'Unique' Castle in Tipperary is opened by Minister following its refurbishment

Anne O'Grady


Anne O'Grady

Two and a half year conservation project is completed

Ormond Castle, Carrick-on-Suir

Kevin ‘Boxer’ Moran T.D., Minister of State with special responsibility for the Office of Public Works (OPW) and Flood Relief today welcomed the official opening of the newly restored Ormond Castle Heritage site in Carrick-on-Suir  following an extensive two and a half year conservation project. 

Ormond Castle is the best surviving example of an Elizabethan manor house in Ireland.  It was built by Thomas, the 10th Earl of Ormond in the 1560s, adjacent to the earlier 15th century Castle, the remains of which are still visible today.  It is the country's only major unfortified dwelling from that turbulent period and is therefore unique in Ireland.  The state rooms contain some of the finest decorative plasterwork in the country, including plasterwork portraits of historical importance.

The Castle, once home to the famous Butler family, had in recent years suffered from serious water penetration into the building which had worsened to a point where large parts of the interior were suffering and the unique original internal plasterwork was threatened.  There were also issues with the structural integrity in certain areas of the building where strengthening was required to ensure the building remained intact.  Additionally, the most striking feature of the building is the re-rendering of the coloured external façade.  This is completely faithful to the period and ensures that the building is protected against further water ingress.  These repairs, along with the replacement of the mechanical and electrical systems within the building will ensure that the Castle will be preserved in excellent condition for many years to come.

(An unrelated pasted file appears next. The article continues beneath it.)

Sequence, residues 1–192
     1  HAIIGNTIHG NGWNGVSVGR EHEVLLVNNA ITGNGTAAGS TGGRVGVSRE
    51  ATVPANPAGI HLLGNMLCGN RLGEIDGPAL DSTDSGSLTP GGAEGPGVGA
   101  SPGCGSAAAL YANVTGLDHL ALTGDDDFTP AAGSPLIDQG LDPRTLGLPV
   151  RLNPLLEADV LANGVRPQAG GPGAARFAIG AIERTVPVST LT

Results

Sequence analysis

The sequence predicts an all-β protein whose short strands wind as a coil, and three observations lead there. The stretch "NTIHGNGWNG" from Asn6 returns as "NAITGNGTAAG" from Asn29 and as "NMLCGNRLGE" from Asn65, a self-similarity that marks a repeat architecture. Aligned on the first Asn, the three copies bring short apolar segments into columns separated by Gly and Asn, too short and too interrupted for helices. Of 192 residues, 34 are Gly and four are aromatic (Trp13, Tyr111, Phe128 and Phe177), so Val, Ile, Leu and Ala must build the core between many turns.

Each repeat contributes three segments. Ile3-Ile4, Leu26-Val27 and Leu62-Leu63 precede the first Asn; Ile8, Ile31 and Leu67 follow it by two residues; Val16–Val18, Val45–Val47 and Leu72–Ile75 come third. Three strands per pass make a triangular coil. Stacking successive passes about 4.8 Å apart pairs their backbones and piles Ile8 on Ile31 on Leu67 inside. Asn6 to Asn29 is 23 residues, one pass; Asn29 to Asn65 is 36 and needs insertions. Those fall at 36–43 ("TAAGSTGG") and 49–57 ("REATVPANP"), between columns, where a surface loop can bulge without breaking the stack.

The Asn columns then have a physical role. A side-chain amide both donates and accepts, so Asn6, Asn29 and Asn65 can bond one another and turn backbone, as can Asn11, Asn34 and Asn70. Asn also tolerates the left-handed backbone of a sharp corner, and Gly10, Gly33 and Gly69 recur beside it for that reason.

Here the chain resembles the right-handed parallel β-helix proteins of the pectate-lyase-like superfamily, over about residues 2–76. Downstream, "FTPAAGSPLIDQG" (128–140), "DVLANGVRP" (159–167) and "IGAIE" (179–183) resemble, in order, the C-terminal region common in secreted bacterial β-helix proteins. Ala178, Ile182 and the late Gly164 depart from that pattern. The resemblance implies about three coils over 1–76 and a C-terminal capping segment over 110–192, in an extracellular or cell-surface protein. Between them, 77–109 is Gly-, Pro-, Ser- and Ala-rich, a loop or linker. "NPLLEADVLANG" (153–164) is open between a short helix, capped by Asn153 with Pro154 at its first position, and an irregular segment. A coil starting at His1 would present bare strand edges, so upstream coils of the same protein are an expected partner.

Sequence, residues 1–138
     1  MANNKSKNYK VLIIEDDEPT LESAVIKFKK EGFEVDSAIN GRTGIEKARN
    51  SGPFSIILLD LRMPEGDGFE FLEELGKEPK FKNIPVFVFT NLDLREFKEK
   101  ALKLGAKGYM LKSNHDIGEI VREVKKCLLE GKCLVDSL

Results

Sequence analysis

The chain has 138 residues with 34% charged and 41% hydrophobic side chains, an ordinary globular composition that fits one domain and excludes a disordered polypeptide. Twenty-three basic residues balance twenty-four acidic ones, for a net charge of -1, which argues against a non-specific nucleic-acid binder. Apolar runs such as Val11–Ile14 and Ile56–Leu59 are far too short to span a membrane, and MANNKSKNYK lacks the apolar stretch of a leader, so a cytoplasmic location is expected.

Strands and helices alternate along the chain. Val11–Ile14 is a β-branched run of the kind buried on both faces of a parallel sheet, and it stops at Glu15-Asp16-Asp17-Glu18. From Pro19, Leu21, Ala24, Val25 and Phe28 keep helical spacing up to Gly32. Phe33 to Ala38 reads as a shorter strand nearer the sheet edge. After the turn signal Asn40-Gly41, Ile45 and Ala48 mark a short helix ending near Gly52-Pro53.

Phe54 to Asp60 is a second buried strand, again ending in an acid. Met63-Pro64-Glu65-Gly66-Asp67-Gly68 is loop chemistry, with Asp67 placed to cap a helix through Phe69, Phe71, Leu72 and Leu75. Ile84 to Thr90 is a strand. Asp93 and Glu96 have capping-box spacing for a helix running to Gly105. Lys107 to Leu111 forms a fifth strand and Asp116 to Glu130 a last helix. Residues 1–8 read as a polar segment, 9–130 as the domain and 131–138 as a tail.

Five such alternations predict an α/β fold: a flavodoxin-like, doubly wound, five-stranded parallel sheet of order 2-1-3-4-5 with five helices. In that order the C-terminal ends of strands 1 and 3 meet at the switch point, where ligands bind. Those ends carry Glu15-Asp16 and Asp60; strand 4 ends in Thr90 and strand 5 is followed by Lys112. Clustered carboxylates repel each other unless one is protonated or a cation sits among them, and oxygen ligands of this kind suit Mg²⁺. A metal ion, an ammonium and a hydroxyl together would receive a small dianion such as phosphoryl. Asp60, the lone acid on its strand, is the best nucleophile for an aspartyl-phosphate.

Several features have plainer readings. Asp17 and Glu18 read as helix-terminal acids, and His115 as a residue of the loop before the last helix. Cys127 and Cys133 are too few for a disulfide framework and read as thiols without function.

The Minister said, “This is a wonderful building and the OPW staff have carried out a great job in restoring it to its original splendour.  I am delighted to be here today to officially reopen the building to the public after more than 2 years of extensive work by my Office.  The project that has been carried out is a significant achievement and a testament to the skill of the OPW staff and apprentices that worked on it.  It’s amazing to think that this beautiful building in Carrick-on-Suir, such a wonderful example of an Elizabethan Manor House, is so little known by visitors.  Places like Newgrange and the Rock of Cashel rightly get a huge amount of attention from visitors, but the OPW also has a large number of other beautiful sites, like this, that are less well known and which I am sure visitors would really enjoy.  The OPW want to bring these hidden gems forward and encourage more people to visit them.”

The Minister confirmed today that the OPW, with the assistance of Fáilte Ireland, has plans to invest further in the site at Carrick-on-Suir by recreating the historic landscaped garden to the front of the property as part of a Phase 2 project and by providing Interpretation for visitors throughout the site.

The Minister said, “There is a huge opportunity here for a major increase in tourism in Carrick-on-Suir.  With the support of local people and the various groups which the OPW has been working with, I am confident that there is a very bright future ahead.”